The Motherload of #UsefulEuphemisms: Subtitling Foreign Media in Egypt

Watching TV in Arabic is a fantastic way to get more listening practice and generally improve your vocabulary and comprehension, and I highly suggest all Arabic learners do this during their down time whenever possible. But when you get sick of that, or when there’s nothing to watch except Saudi men practicing falconry and Amr Adeeb flailing his arms about / having his weekly heart attack on air, you’ll inevitably find yourself flipping over to an English language movie. And I’m here to tell you how to make this experience quadruple the fun: pay attention to the subtitles.

This guy.

This guy. Amirite?

There are two things you’ll notice watching foreign films, especially those shown by MBC, which happens to be Saudi-owned: very obviously censored kissing scenes and highly suspect translations. In reality most channels have their own issues in this regard, like Mazzika, which made the questionable (yet also fantastic) decision to provide lyrics translations for all the music videos it shows–in Ke$ha’s Timber (خشب) “It’s going down,” is translated انها سوف تسقط while Alicia Keys’ This girl is on fire becomes هذه الفتاة متحمسة جدا (lit. ‘This girl is very excited.’) The salacious line ‘She say she love my lolly’ from Maejor Ali’s Lolly video is rendered simply انها تحبني كثيرا (lit. ‘She loves me very much’). In short, you have stumbled upon a pure gold mine of Fusha fails.

In terms of MBC subtitling, the sentence ‘He’s gay’ is consistently translated to انه غريب الاطوار (roughly ‘He’s whimsical/eccentric’) despite the fact that a word (مثلي) does, in fact, exist to express this concept in Modern Standard Arabic. The word girlfriend is expressed through the flat صديقة while “Wanna make out?” is butchered into هل تريدين الاستمتاع؟ (lit. ‘Do you want to enjoy?’), which, let’s be real, sounds way more sexual than the original.

And the colorful spectrum of English swears–every single permutation of inappropriate speech you could think of–is reduced to one of two options: تبا لك (screw you) and اللعنة عليك (‘damn you.’ Google translate also purports this to mean ‘by gosh!’).

In this way, taking care to read the subtitles while consuming foreign media in Egypt becomes an exercise in critiquing translations of cultural concepts that are fraught with controversy (romantic relationships before marriage, sexuality, even swearing). Fusha, in my opinion, will never be capable of accurately transmitting the gist of colloquial speech in any language, a sampling of its failings detailed above. Instead of carrying out its intended purpose–actually, you know, translating the text–the use of Modern Standard Arabic to subtitle foreign films and music ends up providing another unintentional layer of entertainment on top of your regularly scheduled program. And I guess that may not be such a terrible thing after all.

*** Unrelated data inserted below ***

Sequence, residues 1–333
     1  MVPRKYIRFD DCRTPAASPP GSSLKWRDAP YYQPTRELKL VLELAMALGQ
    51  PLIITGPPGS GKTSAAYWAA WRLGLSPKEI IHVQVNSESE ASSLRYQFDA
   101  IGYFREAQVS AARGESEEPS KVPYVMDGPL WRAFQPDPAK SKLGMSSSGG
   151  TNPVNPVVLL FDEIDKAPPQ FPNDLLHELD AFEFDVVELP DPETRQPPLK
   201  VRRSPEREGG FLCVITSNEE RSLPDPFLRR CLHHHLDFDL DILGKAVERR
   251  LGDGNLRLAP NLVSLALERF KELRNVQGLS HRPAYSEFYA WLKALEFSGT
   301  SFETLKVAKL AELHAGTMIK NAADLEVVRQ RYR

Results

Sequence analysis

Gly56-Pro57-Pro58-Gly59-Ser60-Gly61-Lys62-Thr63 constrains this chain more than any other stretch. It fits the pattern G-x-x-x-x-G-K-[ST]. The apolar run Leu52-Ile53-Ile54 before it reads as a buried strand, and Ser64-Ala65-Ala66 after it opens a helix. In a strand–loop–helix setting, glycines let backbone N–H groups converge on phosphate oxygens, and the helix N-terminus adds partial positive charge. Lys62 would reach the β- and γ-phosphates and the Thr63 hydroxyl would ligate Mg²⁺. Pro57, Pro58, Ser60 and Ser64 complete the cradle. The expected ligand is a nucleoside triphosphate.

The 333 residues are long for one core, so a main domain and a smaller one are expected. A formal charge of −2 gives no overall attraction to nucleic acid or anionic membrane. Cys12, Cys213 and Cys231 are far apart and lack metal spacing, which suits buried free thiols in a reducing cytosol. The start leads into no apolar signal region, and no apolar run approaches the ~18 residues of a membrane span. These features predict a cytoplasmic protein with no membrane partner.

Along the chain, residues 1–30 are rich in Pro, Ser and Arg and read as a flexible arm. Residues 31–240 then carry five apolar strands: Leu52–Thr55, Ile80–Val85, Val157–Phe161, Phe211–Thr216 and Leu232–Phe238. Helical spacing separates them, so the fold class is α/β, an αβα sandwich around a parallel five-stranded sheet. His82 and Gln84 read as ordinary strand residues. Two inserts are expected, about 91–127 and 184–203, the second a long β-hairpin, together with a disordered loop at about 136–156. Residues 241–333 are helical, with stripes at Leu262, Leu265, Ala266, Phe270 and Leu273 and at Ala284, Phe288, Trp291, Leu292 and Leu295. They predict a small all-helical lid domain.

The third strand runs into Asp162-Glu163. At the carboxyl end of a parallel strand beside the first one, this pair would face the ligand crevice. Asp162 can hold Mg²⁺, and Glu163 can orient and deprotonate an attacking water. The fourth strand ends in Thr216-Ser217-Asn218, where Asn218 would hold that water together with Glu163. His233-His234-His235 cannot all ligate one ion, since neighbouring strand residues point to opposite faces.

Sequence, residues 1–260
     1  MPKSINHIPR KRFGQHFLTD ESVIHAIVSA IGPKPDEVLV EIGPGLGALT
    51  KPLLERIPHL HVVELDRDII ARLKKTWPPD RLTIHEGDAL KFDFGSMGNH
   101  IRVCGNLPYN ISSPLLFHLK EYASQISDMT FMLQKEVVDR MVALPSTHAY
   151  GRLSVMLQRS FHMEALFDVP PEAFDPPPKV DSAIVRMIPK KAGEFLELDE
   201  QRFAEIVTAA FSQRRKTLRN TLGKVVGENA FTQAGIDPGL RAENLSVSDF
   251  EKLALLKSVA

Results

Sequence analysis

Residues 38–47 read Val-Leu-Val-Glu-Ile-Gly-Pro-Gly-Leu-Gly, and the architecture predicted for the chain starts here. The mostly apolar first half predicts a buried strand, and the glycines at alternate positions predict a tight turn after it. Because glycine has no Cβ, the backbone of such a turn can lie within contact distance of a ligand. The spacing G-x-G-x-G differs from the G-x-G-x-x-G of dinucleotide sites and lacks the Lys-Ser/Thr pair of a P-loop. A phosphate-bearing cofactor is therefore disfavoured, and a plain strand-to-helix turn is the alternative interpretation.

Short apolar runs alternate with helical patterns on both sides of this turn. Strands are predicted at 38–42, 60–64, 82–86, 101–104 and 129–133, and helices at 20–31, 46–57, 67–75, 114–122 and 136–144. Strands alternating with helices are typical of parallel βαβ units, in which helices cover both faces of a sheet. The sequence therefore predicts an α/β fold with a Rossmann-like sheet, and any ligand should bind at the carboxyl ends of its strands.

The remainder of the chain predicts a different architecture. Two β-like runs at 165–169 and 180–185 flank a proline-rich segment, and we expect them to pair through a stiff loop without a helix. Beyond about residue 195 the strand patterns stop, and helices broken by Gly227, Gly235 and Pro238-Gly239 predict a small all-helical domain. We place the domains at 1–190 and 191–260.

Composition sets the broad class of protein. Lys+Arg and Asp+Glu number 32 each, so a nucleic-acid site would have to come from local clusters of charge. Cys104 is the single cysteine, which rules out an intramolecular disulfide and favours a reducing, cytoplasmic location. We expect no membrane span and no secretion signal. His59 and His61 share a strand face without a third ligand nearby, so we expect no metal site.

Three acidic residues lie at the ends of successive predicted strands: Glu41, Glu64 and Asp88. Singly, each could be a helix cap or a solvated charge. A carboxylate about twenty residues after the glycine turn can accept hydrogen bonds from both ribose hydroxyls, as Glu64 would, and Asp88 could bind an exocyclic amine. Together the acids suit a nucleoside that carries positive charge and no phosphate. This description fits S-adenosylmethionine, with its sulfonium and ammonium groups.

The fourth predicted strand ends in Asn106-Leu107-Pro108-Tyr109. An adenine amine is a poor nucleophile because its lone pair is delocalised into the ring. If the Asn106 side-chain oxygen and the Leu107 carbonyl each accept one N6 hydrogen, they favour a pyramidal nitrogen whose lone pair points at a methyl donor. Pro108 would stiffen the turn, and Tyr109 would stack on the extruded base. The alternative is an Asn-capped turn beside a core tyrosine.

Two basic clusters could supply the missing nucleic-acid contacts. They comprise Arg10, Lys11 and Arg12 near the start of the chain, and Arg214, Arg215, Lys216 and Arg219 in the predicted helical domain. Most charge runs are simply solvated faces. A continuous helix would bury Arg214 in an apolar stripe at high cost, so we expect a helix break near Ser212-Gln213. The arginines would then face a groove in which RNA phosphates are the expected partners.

3 comments

  1. This is pure win :-)

    And in the spirit of this post: “This blog is so cool” -> “المدونة دي ساقعة جدًا”!

  2. And according to MBC the Arabic translation of “You got punk’d” is نُفِذَ مقلب بك. I like to pronounce the Dammateen on مقلب for the full effect.

  3. Fox Series used to have a subtitled run of “The Simpsons” and it was very racy.
    Homer’s F bomb scene was translated as “ن…” (could be completed in colloquial dialects in various ways with the same rough meaning)
    Anti-religion episodes don’t get showed period (it’s a highly unpopular thing to do, even besides the legal issues), but “god” mentioned is translated as الخالق (the creator)
    lesbians use the normal translation سحاقيات,
    gay use the “شاذ” (literally “irregular”, which has a double meaning – both eccentric/unique behavior -used often as شاذ الأطوار, and the commonly used word for the sexuality -مثلي (from the word for “the same” plus the relation suffix) is a neutered politically-correct word local feminist organizations came with, and it’s seldom used outside some Arabic-speaking western news channels- so your example from MBC2 (a Saudi-owned network that butchers translations done by the Lebanese studios a lot – they air unedited elsewhere -) was first worded as شاذ الاطوار then censored a second time.
    Sex is intact, as جماع / يضاجع…
    Breasts as نهد / صدر / ثدي
    Ass as أرداف / ثدي
    Testicles as خصيتين …
    They even go to the length of preserving sexual double entendres.
    The other flowery f bomb slurs that are more of a speech pattern than an integral part of the meaning. are just omitted but that’s not that different from how these shows are subbed in other languages

    Often for MBC2, Lebanese subbing studios just use variants of the offending word that mean the exact same thing but require a higher entry level such as نفق for “to die” (for plots involving resurrection, often censored), or شراب معتق for “fine vintage drink” (the vintage part exclusively refers to wine quality in Arabic… and شراب is often used colloquially for wine/alcohol) instead of just saying wine, and ثمل instead of سكران for “drunk”. The Saudi censors almost always miss these variants, which makes the translators lives easier (they do translations for cinema premieres, and no one would attend overly censored showings, but they don’t want to do a separate script just for MBC2).

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